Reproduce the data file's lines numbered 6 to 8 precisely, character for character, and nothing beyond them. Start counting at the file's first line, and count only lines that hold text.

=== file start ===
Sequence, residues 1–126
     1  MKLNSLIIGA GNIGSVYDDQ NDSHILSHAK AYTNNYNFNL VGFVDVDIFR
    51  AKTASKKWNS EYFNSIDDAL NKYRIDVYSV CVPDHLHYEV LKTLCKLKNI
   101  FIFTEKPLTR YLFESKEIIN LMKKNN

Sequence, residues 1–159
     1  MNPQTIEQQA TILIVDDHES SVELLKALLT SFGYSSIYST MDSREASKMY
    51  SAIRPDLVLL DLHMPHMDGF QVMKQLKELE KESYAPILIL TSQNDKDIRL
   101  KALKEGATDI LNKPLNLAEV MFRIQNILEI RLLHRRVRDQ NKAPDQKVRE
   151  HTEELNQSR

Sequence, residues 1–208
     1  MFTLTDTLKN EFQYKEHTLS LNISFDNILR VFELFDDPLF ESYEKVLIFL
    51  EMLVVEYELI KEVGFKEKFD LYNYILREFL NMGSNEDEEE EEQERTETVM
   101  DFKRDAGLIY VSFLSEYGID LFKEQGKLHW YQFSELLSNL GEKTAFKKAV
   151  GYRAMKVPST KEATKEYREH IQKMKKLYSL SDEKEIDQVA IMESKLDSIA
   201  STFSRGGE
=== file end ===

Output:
     1  MNPQTIEQQA TILIVDDHES SVELLKALLT SFGYSSIYST MDSREASKMY
    51  SAIRPDLVLL DLHMPHMDGF QVMKQLKELE KESYAPILIL TSQNDKDIRL
   101  KALKEGATDI LNKPLNLAEV MFRIQNILEI RLLHRRVRDQ NKAPDQKVRE